bY Sue Whitesell
Health savings accounts are primarily used as a savings vehicle to help people pay out-of-pocket medical expenses. However, some people may be able to use them to save for retirement as well.
Health savings accounts (HSAs) were created in 2003 as a savings vehicle to help people pay out-of-pocket medical expenses. Although that is their primary purpose, HSAs contain several features that could potentially make them viable as a retirement savings vehicle for some individuals.
The nuts and bolts of HSAs
An HSA is essentially a medical savings account available to those enrolled in a qualified high-deductible health plan (HDHP). HSAs offer several tax-saving features. For example, contributions are deductible (or excluded from income), account earnings accumulate tax free, and, as long as the medical expenses paid with HSA savings are “qualified” expenses for the individual, spouse, or dependents, HSA withdrawals are tax free.
Qualified expenses: Qualified expenses include doctors’ fees, hospital services not paid for by insurance, and prescriptions, among others. While health insurance premiums generally are not considered qualified expenses, there are some exceptions. For example, individuals receiving unemployment compensation can use HSA funds to pay for health care coverage.
Qualifications to open an HSA: To open and contribute to an HSA, individuals must have a qualified high-deductible health plan. In addition, they generally cannot have other health coverage (although certain types of insurance are allowed, such as vision and dental care) or be enrolled in Medicare.
To qualify, the high-deductible health plan must have an annual deductible of at least $1,350 for self-only coverage or $2,700 for family coverage (for 2019). Also, the sum of the annual deductible and other annual out-of-pocket expenses (other than premiums) required to be paid under the plan cannot exceed $6,750 for self-only coverage and $13,500 for family coverage (for 2019). These amounts are adjusted for inflation annually.
Setting up an HSA is similar to setting up a traditional savings account or an individual retirement account (IRA) in that it can be opened with a lump-sum payment or through an arrangement to make contributions on a regular basis.
Contributions: In general, the maximum contribution to an HSA in 2019 is $3,500 with self-only coverage and an additional $1,000 in catch-up contributions for those aged 55 years or more. The maximum family contribution for 2019 is $7,000 plus a $1,000 maximum catch-up contribution for participants aged 55 years or more. These limits will be adjusted for inflation in future years. An individual’s employer or family member may also contribute, as long as the total contribution amount doesn’t exceed the limit.
Contributions can be kept as cash or invested in other options that may be available, such as stock or bond funds. Any money not spent during the year is rolled over for subsequent years. A relatively healthy individual could accrue a sizable HSA balance over a number of years.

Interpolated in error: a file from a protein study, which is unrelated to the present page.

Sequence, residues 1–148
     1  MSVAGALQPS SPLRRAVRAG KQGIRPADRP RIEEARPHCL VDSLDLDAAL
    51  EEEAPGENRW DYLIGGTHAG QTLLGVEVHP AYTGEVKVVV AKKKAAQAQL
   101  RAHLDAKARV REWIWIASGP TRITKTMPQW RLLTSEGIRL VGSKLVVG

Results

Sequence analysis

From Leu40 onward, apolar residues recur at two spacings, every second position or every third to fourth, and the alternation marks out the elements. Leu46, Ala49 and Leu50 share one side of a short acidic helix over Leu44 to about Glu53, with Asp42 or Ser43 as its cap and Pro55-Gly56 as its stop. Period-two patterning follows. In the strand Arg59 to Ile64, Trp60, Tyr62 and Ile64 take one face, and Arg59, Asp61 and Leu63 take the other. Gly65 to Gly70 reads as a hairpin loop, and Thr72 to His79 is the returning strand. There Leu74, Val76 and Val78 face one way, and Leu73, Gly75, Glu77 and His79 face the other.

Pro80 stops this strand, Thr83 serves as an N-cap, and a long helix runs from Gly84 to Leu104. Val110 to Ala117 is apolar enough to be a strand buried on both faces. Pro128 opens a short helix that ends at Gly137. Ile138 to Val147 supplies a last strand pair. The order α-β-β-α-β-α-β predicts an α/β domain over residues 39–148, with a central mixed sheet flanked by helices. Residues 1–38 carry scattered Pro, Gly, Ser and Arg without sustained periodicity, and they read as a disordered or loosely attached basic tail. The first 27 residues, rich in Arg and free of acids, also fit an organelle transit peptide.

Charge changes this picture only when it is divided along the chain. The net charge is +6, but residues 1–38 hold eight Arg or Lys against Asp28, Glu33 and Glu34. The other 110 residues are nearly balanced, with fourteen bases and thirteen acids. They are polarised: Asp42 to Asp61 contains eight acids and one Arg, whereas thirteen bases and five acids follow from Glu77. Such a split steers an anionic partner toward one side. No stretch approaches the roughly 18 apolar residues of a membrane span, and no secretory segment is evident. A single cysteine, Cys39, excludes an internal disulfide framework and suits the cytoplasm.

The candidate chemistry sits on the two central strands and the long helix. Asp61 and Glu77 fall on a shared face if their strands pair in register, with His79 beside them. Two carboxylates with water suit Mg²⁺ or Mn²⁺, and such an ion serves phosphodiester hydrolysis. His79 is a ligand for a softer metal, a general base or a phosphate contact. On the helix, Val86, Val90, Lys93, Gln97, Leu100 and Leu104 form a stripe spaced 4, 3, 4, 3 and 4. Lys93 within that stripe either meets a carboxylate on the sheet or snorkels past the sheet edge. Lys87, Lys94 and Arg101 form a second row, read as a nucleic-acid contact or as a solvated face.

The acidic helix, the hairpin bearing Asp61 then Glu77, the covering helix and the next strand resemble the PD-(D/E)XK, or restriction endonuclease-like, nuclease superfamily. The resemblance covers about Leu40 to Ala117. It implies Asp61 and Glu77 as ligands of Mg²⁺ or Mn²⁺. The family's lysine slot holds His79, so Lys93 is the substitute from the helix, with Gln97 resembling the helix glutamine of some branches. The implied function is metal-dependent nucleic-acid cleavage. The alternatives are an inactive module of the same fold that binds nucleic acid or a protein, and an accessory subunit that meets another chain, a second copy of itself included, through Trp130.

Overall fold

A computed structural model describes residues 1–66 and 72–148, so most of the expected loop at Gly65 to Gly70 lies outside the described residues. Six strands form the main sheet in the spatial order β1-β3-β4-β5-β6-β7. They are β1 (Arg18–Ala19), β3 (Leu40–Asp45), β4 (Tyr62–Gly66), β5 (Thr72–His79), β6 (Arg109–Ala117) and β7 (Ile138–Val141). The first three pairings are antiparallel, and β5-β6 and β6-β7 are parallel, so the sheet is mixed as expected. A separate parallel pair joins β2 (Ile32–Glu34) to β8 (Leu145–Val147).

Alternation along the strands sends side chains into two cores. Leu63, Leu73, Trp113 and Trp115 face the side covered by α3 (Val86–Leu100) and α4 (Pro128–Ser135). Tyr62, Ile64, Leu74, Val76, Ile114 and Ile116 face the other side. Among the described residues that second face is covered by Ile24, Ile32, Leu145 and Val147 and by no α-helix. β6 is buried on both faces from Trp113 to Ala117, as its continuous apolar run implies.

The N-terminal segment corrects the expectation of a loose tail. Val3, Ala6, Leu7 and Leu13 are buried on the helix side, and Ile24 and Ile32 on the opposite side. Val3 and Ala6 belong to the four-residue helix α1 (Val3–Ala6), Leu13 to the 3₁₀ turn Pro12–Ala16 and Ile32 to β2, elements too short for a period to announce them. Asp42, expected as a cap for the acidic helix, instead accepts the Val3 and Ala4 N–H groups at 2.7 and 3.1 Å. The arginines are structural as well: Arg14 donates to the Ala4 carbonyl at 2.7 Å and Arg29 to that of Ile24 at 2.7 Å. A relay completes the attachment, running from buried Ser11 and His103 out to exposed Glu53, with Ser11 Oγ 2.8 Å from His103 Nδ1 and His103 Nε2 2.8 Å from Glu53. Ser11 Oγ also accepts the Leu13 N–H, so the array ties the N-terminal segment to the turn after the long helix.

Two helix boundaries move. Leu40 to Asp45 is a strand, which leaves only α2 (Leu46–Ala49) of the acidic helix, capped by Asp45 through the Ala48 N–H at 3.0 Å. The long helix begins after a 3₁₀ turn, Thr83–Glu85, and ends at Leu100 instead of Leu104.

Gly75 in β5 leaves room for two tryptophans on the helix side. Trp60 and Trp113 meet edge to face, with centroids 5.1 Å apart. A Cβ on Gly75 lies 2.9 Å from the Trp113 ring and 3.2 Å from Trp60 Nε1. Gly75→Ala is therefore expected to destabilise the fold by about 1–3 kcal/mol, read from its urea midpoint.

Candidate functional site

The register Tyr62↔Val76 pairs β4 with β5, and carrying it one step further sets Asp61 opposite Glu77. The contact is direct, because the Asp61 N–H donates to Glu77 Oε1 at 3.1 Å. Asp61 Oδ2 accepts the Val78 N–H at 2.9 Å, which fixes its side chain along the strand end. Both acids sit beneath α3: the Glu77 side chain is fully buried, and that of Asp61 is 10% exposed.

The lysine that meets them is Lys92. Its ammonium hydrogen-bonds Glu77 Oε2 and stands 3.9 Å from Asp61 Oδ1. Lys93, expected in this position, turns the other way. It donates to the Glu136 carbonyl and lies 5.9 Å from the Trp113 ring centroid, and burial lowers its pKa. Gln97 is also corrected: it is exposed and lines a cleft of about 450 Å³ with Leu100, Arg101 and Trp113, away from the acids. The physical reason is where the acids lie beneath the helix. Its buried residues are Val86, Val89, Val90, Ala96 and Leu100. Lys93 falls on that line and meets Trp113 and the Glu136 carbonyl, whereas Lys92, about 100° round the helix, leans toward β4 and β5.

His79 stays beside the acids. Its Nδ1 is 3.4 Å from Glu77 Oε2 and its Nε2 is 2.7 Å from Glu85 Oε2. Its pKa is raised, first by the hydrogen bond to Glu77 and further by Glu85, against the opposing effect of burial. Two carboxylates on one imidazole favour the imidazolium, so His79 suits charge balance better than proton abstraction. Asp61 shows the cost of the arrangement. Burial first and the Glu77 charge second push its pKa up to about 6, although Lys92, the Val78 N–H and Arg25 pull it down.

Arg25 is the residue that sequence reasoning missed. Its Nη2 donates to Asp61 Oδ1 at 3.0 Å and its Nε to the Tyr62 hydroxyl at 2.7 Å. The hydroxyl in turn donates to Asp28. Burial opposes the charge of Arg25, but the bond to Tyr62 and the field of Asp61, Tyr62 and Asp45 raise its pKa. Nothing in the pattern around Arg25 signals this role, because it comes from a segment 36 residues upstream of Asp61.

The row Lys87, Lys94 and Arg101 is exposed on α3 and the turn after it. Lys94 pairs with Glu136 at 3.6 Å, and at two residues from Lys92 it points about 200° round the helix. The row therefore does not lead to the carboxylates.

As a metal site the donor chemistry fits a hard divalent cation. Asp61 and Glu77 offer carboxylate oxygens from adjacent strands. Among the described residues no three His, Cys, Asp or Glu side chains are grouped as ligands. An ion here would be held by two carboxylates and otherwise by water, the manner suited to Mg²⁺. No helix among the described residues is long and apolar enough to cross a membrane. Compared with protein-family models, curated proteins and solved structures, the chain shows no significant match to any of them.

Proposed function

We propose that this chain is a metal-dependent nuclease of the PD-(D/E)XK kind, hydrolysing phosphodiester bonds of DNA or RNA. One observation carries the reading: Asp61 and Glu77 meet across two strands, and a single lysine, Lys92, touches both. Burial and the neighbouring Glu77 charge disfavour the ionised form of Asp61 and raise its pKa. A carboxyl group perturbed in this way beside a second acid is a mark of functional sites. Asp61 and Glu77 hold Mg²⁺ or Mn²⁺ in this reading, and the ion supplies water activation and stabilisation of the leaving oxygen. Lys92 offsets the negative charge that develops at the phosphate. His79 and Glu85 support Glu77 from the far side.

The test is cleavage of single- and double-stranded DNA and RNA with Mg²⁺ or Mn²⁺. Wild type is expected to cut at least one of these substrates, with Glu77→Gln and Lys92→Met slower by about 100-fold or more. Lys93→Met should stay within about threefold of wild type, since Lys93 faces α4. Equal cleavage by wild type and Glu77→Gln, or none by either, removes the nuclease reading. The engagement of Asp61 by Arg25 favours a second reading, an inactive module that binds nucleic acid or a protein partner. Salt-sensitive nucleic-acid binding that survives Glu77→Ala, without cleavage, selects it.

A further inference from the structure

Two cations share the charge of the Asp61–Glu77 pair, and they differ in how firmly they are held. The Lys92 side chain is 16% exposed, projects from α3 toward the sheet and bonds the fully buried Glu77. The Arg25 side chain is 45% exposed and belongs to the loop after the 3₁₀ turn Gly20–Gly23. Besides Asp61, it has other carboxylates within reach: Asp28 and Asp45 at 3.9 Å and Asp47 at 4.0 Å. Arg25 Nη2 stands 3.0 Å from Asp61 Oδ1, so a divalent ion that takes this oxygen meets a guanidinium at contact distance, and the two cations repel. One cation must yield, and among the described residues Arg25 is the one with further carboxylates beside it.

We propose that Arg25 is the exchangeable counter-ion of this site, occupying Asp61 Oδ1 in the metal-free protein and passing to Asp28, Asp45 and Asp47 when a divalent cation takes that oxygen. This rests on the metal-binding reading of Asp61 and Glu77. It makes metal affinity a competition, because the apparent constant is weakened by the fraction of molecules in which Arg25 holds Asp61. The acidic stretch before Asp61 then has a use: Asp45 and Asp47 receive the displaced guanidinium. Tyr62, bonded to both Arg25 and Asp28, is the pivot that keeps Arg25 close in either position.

You should consider a fund’s investment objectives, charges, expenses and risks carefully before you invest. The fund’s prospectus, which can be obtained from your financial representative, contains this and other information about the fund. Read the prospectus carefully before investing or sending money. Shares, when redeemed, may be worth more or less than their original cost.
Rules for withdrawals: The rules for withdrawals are quite flexible. An individual with an HSA may make a withdrawal at any point in the future for any qualifying expense incurred since the HSA was first opened. For example, a child needs dental work and her parent pays the $2,700 cost out of pocket this year. If the parent saves the receipt, the parent could use that bill 25 years later in retirement as the basis for an HSA withdrawal. In addition to the receipt, the parent would need records showing that the expenses were not previously paid or reimbursed from another source or taken as an itemized medical deduction.
Using an HSA to save for retirement
The combination of favorable tax treatment, the potential opportunity to invest contributions in longer-term assets, and the flexible withdrawal rules make HSAs particularly attractive as an alternative retirement savings vehicle for certain individuals. An individual who currently maximizes contributions to all tax-favored retirement accounts for which he or she qualifies and who also saves in taxable accounts could treat the HSA as another option to save more and to save in a tax-favored way. Essentially, the individual could treat the HSA as a retirement savings account and let the assets compound for as long as possible while paying out-of-pocket medical costs with taxable funds.
However, for those who cannot fund all tax-advantaged retirement vehicles, the decision to use a HSA as a retirement savings account is less clear cut. It may make sense in this situation to try to fund a 401(k) or other tax-advantaged retirement savings account, especially if there is an employer match. As always, each individual’s situation is unique and the input of an experienced advisor can be invaluable when considering different retirement savings options.
Susan A. Whitesell is vice president/investments, financial Advisor at the Kingston Retirement Group of Janney Montgomery Scott. Reach her at 570-283-8140 or visitkingstonretirementgroup.com. Janney Montgomery Scott LLC, its affiliates, and its employees are not in the business of providing tax, regulatory, accounting or legal advice. These materials and any tax-related statements are not intended or written to be used, and cannot be used or relied upon, by any taxpayer for the purpose of avoiding tax penalties. Any such taxpayer should seek advice based on the taxpayer’s particular circumstances from an independent tax advisor. Prepared by DST Systems, Inc. Copyright 2019.